It was another beautiful day on Friday but we spent a good chunk of it in a resort vacation home sales pitch. Good folks, though, and some nice condos. Since we didn’t get out much today, let me describe the area that the Waikoloa Beach complex occupies and the Hilton itself. The hotel has three different lodging towers and an attached convention center. Canals and trains connect everything and it all surrounds a lagoon with ocean beach and several large pools. There are over 10 restaurants, including Chinese, Japanese and Italian along with American and Hawaiian. Most have spectacular views over the Pacific at sunset. All along the open air walkways are pieces of art – paintings, ceramics, statues, mosaics, tapestries and more. And much of it is original and hundreds of years old. The Village has been carved out of the landscape over the past 35 years and is now lush and green. But the surrounding miles and miles of the Kohala Coast are dominated by black lava fields. The volcanoes to the east have created this field over the millennia, with recent flows in the 19th and 20th centuries. But the enclaves along the water are like green jewels. Tonight, we sat on the patio at the Italian restaurant, Dona & Toni’s, and watched another glorious sunset. After the golden orb had set, we did get a few sprinkles of rain – the only we had on the west coast during the entire week, and not enough to have us take shelter. We had an early night of it as we had a big day planned for the morrow!We woke early on Saturday and wished each other a wonderful first anniversary! It has been an amazing journey and we have packed five years of adventures into this first year; and we have no intention of slowing down! We packed some hiking shoes with us and hopped in the car for a drive down the coast. Highway 19 gave way to Highway 11 at Kailua-Kona and we continued another 20 miles south on it. The black lava fields of the coastal plain gave way to cool mountain air as the road climbed 3,000 feet into the famed Kona coffee plantations. Roadside coffee shops were everywhere and the tourist-centricity of the Kohala coast was replaced by a more ‘authentic’ Hawaiian experience (at least through the cultural amalgamation of the past 150 years). Finally, we turned off and descended the steep escarpment on a switchback road that took us down to sea-level and brought us to the edge of Kealakekua Bay. This is a sacred place to natives and means ‘pathway to the gods.’ We pulled into a small parking lot in a bayside park and a local man asked if we intended to snorkel or kayak. We said we’d like to kayak and he offered a very reasonable price for a couple of hours and, so, he jumped in our car and we drove to a nearby sheltered cove, Ke’ei Bay. He and his two partners there had about 10 kayaks and we picked one out – a two person boat. I have kayaked once before, on a Virginia lake, and Sheryl had never. Even so, we were soon on the water and paddling out of the cove and through the crashing surf of the Pacific. Turning right, northward, we were soon in the broad mouth of Kealakekua Bay proper. To our left, the wide open ocean stretched to the horizon (and New Zealand!) and over a mile across the bay stood a lonely stretch of beach that was our objective. As we paddled, Sheryl in front, I kept glancing below us (the clear waters allowed me to see down 40 feet to the bottom) and to the open ocean, as we had been warned of strong currents off the island that take unsuspecting folks out to sea. No worries, however, and our kayaking was a smooth cruise as we found our rhythm. Just off the north shore, we pulled in close and I hopped out, as boats are not allowed to land on this beach. But there is a monument here that I wanted to visit. As I walked up to it, Sheryl paddled offshore and observed the fish. The famed British explorer, Captain James Cook, had ‘discovered’ these islands in 1778 and returned in early 1779 for supplies. A dispute broke out with natives and Cook was killed on this spot in the ensuing melee. A monument in his memory was erected about 100 years later. The naval officer that I write about, British Admiral Sir George Berkeley, had served with Cook off Newfoundland in 1767. I slipped back into the kayak and we began paddling back across the bay, but this time closer to shore, to see a large pod of Spinner dolphins. We soon found them, about 100 yards off-shore and we spent a wonderful ten minutes following them as they cruised back and forth across this part of the bay. A lone snorkeler joined us and swam among them, too. Afterwards, we stroked our way back across Kealakekua, rounded the headlands and re-entered Ke’ei Bay. We had survived a three-mile open ocean kayaking adventure! Our next stop, just a couple of miles down the coast, was the province of ancient Hawaiian princes. Now a US National Historic Park, Pu’uhonua O Honaunau is an evocative experience of old Hawaii as it contains royal property, and a place of refuge for warriors and others. A 1,000 foot long wall, 10 feet high and many feet thick, separates the two and was built in the mid-16th century. Another thing the visit taught us, through a discussion with a park ranger about the name, Pu’uhonua O Honaunau, is that Hawaiian words never have two consonants side-by-side! From the park headquarters, after walking the grounds, we took the 1871 Trail for a two mile hike along the coast – past lava fields, a lava sled (where ancient princes raced down to the sea), abandoned temples, feral goats, and a spectacular lava cliff, seemingly frozen in mid-flow, that sparked remarks from visitors in the 1800s like Mark Twain and Robert Louis Stevenson. At the end of the hike lies the ruins of one of Hawaii’s last aboriginal villages, finally abandoned in the 1930s. It was an amazing trek; and we were the only tourists on it. It was now mid-afternoon and we drove back up the winding coastal road towards Highway 19. Halfway up, we pulled off onto Painted Church Road and soon found ourselves in the lot of St Benedict’s Roman Catholic Church. A Belgian priest, Father John Velghe, arrived in 1899 and created a beautiful little church, filling its interior walls with his wall-sized paintings of various biblical themes. A gentle rain began as we sat inside and made it even more charming. From there, it was back up the coastal highway, through the Kona coffee plantations and back through the lava desert to Waikoloa Bay. We showered and dressed in the clothes we wore on our first Belize wedding night a year ago. We drove about nine miles up the road to Hapuna Beach which, by the way, is where the man had been bitten by the Tiger shark three days ago – he is doing fine, with some nice bites on his left arm. He punched the shark in the gills and it swam off. He described the shark hitting him like a truck. For our visit to this beach, we enjoyed a fantastic anniversary sunset dinner at the Coast Grille. Now, that was a good day!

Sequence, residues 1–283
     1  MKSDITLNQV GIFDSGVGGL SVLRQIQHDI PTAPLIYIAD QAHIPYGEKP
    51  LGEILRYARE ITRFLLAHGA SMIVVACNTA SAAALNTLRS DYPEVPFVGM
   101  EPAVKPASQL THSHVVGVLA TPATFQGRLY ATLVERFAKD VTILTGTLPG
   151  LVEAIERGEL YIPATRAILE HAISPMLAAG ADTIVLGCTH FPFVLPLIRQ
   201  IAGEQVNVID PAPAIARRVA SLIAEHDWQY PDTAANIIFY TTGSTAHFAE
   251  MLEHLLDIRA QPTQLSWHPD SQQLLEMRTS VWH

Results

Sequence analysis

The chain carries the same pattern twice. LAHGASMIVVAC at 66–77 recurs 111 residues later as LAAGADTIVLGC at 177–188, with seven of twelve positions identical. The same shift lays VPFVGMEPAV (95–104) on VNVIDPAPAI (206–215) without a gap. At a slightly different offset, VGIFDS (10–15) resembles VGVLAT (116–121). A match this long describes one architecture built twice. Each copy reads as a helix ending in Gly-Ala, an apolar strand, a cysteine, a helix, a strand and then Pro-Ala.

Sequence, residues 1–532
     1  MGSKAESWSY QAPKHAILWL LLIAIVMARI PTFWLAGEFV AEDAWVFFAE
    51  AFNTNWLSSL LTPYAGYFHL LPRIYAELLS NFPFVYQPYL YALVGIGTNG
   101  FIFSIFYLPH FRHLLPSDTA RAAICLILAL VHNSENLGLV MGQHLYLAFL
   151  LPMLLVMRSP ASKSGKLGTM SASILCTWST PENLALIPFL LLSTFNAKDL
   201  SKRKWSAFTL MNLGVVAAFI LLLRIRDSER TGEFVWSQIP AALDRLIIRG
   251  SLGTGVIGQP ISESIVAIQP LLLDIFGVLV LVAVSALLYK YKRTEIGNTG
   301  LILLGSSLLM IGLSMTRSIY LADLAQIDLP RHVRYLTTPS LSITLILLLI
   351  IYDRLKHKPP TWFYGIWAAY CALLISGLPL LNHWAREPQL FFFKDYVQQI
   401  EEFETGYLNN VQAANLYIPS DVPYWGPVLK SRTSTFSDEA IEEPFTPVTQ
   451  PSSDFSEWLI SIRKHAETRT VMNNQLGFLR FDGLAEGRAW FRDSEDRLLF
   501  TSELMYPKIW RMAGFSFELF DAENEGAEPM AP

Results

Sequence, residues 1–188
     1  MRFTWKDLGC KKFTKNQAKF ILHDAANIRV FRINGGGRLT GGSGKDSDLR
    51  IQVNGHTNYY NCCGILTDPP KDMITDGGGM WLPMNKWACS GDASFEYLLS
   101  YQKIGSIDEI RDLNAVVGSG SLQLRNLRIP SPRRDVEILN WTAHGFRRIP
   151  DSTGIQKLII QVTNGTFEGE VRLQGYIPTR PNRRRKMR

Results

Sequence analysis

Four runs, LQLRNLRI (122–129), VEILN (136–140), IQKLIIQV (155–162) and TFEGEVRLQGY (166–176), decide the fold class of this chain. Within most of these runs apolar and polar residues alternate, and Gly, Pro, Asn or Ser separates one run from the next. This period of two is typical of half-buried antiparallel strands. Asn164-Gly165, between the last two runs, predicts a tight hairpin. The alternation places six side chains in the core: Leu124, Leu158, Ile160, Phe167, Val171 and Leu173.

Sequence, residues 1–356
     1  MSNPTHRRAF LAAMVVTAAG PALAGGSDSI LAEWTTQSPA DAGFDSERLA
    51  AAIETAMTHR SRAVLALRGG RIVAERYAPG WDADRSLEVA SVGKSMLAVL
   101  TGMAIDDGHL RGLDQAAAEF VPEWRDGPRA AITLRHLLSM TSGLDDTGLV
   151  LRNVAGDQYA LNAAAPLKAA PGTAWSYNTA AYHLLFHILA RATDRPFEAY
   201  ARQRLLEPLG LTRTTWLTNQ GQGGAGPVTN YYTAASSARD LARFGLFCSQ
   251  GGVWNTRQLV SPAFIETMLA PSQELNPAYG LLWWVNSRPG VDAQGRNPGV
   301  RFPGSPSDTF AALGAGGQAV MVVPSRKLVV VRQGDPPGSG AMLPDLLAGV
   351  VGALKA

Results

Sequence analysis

Sunday was a quiet one for us. After breakfast in bed we headed off with fins and snorkels to a nearby beach (about six miles up the coast) in Puako Bay. This is off the tourist track and the beach we went to is called “The 69s” because you park at the wooden power pole numbered 69 and walk down to the surf. It was a gorgeous day and we set our towels in the shade (we have come a long way from our teenage years of slathering on the baby oil while broiling in the sun!) and read for a bit. I finished a book on the plague in 1666 England and started a re-read of Orwell’s ‘Animal Farm.’ Sheryl was reading ‘The Light We Cannot See.’ Then we slipped on our snorkeling gear and explored the waters by the lava rocks just off the beach. More fish here than we had seen on the scuba dive a few nights previous. In the afternoon we headed back to the Village and had an early dinner and drinks at Tropics Ale House, while we watched the Notre Dame women’s team victory that catapulted them to the NCAA Sweet Sixteen. Just before sunset we walked out to Buddha Point (a large statue of Siddhartha sits there) and watched the incredible light and color show of the sinking orb. Then, just after the setting, a pod of Humpbacks just off the point began surfacing and diving. Pretty cool. Another early night to bed as our biggest day yet awaited tomorrow.